Until now, this blog has been autobiographical reminiscence with occasional digressions into other matters. For a while at least, I am going to swap things around a little bit. For various reasons, it feels like the right thing to do.
Transitioning made me think a lot about my early life. Transition changes many things, although not necessarily instantly. You embark on a new way of being in the world, with huge social, practical, intellectual and emotional consequences. Many, but not all people also embark on a range of medical interventions which bring about bodily and psychological changes. As a result of all that I have found myself preoccupied with two eras – the present and my early life.
Because I have been thinking about my early life a lot, it has been comparitively easy to write quickly and spontaneously about it, from my childhood up until the period I have just been chronicling. The following period, which in career terms begins at the former Polytechnic/University of North London, is a time I haven’t thought about in detail for years, so in one way my blogging productivity has brought me to a period I need to digest a bit more, and possibly write about in a different way.
In addition, there are a lot of current issues I feel like writing about. It’s almost fifteen months since I transitioned and life feels remarkably different to how it felt pre-transition, in almost completely positive ways. Also transition at fifteen months feels hugely different from transition at one or two months. Change has become a constant. Some of this change is very personal, and there are aspects of that which I don’t feel ready to write about. But I am also struck by how, for me, the personal has become political. By that I don’t mean I’m some sort of amazing political thinker. I’m not. I’m probably quite naïve in some ways. And the older I get, the one thing I do learn is the depth of my ignorance, and how much more there is to learn about the world. However I am very struck by how in my twenties and thirties I had political views, but they were quite intellectual and detached. A couple of years of experiencing how the medical and political establishments regard trans people, and how inadequate, and often damaging, their response to us is even though, in many cases, it is well intentioned, changes your political views somewhat. I have always been part of a minority, but it is only by becoming visible that the consequences of my minority status have become clear to me.
Gender variance and intersex are areas not well understood by the mass media, so sometimes it is difficult to get a clear message out past those particular gatekeepers. I was lucky enough to write for The Guardian earlier in the year, and I will keep plugging away at writing for other audiences. I have a couple of public utterances appearing in other locations in the next few months, so I’ll keep you posted about them.
Ultimately though, I feel that there are a lot of issues out there which are contentious or not well-understood by the public at large, and sometimes by trans people ourselves. I am thinking a lot about some of these issues, and feel just now that I want to write about some of them.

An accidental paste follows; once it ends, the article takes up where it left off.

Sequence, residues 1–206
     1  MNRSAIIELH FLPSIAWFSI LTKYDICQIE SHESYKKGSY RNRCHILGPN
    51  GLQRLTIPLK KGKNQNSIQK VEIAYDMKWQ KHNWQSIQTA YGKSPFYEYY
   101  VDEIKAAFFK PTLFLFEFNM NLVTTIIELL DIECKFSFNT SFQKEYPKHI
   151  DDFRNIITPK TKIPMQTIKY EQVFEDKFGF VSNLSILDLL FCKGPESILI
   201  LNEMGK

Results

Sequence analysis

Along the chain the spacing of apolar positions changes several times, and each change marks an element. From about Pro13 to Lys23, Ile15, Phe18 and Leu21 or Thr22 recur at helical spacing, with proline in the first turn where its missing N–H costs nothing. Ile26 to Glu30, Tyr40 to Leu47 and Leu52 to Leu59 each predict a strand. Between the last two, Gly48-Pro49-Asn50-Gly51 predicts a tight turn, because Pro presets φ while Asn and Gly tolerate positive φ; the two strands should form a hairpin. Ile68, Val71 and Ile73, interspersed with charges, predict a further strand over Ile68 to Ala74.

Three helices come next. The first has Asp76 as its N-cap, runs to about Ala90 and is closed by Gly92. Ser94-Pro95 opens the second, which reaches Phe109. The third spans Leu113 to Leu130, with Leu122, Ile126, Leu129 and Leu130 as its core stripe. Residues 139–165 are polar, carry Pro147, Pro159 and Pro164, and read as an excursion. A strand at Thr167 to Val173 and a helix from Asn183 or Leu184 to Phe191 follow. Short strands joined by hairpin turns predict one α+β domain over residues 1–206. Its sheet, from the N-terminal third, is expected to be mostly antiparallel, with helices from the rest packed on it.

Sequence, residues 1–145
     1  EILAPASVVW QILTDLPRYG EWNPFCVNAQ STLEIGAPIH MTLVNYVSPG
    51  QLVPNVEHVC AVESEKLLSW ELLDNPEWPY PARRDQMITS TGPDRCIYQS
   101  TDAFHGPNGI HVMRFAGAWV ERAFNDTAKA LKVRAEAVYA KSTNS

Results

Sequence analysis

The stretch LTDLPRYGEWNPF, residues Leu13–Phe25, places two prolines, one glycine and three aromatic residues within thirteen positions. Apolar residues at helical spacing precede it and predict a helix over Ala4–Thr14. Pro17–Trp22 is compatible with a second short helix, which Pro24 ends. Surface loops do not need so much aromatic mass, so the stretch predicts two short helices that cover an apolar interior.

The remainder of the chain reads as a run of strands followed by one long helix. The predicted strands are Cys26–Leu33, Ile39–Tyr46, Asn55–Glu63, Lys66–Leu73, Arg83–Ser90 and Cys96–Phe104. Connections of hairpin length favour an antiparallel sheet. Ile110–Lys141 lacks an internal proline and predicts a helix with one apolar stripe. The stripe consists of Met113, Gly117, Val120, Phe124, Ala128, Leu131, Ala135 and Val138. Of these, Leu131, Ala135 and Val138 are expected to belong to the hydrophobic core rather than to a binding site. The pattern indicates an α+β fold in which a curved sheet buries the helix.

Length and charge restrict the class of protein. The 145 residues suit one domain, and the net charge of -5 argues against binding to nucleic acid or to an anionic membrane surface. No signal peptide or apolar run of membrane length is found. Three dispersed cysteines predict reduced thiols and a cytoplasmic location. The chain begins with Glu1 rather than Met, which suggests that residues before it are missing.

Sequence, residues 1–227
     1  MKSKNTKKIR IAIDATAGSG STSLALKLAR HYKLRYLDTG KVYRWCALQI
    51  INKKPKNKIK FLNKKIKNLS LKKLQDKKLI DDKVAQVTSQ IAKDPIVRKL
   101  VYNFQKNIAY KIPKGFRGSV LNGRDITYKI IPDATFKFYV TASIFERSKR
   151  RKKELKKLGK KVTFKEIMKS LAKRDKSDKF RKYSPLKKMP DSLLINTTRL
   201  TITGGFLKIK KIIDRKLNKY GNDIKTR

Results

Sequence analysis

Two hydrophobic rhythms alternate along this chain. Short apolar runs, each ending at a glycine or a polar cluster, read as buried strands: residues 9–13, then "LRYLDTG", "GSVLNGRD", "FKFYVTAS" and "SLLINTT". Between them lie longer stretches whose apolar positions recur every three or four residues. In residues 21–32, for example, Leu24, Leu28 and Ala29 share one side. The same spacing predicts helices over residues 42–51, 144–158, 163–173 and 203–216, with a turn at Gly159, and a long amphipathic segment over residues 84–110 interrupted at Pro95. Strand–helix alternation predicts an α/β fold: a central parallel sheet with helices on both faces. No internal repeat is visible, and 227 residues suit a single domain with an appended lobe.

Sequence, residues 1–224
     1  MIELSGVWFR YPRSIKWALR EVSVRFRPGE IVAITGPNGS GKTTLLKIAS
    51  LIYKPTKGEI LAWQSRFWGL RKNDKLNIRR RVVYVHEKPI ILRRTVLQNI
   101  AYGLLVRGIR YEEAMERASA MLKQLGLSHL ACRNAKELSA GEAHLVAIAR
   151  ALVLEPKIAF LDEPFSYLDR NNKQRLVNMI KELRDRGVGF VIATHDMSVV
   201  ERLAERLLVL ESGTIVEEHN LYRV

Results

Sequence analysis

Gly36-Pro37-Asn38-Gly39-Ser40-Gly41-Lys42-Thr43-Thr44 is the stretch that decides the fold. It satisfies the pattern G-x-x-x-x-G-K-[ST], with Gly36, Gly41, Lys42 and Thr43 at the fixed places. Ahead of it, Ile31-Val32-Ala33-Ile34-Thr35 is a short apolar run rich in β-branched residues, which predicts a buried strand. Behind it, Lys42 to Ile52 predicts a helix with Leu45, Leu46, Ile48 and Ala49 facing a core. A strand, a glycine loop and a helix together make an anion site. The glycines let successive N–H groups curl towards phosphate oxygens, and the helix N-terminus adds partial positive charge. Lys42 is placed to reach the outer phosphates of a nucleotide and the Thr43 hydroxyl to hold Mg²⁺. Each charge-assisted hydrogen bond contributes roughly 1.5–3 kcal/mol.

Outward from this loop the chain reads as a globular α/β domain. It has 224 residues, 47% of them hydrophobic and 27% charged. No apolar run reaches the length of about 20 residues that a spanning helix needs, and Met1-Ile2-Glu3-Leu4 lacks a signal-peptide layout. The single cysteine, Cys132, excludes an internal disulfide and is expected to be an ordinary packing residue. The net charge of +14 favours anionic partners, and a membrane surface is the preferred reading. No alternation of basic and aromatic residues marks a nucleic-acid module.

One of the things that helps me to do so is that I transitioned so visibly where I live, and where I work. I therefore don’t feel I need to hide my past, although neither do I wish to be defined by it. There’s an interesting little tension there between my own sense of my gender identity and the fact that I am happy to be open about my history where necessary. For example, I have reached a point, after some struggle, where I feel confident to assert my identity as a woman but also to assert that I am as genuinely female as any other woman, even though I was identified as male at birth, brought up as male and lived socially as male until very recently. I realize some people will struggle to accept I am a real woman, and that is something I would like to write about, and debate about. And my sense of my own identity doesn’t impact on my understanding of, and affirmation of those who identify elsewhere on the gender spectrum. Not all of us identify as men or women. Some identify elsewhere on the spectrum, which is actually way cool and takes a lot of courage and self-worth.
So I feel like there’s a lot of stuff I want to write about. I have struggled with my own sense of self and it has taken me a long time to start to feel at ease with myself. Part of that is the way society treats people like me – as shameful oddities who need to be hidden, or as people suffering from medical “defects” which need to be “corrected”. As a child, and then on later occasions, my body was abused by surgeons who thought they knew best, and I bear the physical and mental scars to this day. Even so, I am luckier than many. Some are even more ill-treated than I was, and some don’t survive the experience.
So we all need to understand more, and respect each other more, and value each other. We are normal people, just like you – we are not second-class citizens. But there’s a lot you don’t know about us. I am going to add my voice, for what it’s worth, to an increasing number of voices who are sharing how complex, wonderful and varied trans people’s lives are, and who are trying to combat prejudice and division in society, and reach out across artificial, unnecessary and prejudicial boundaries. Hope it doesn’t sound like too much of a rant – and if you want to comment, argue, take issue … please do!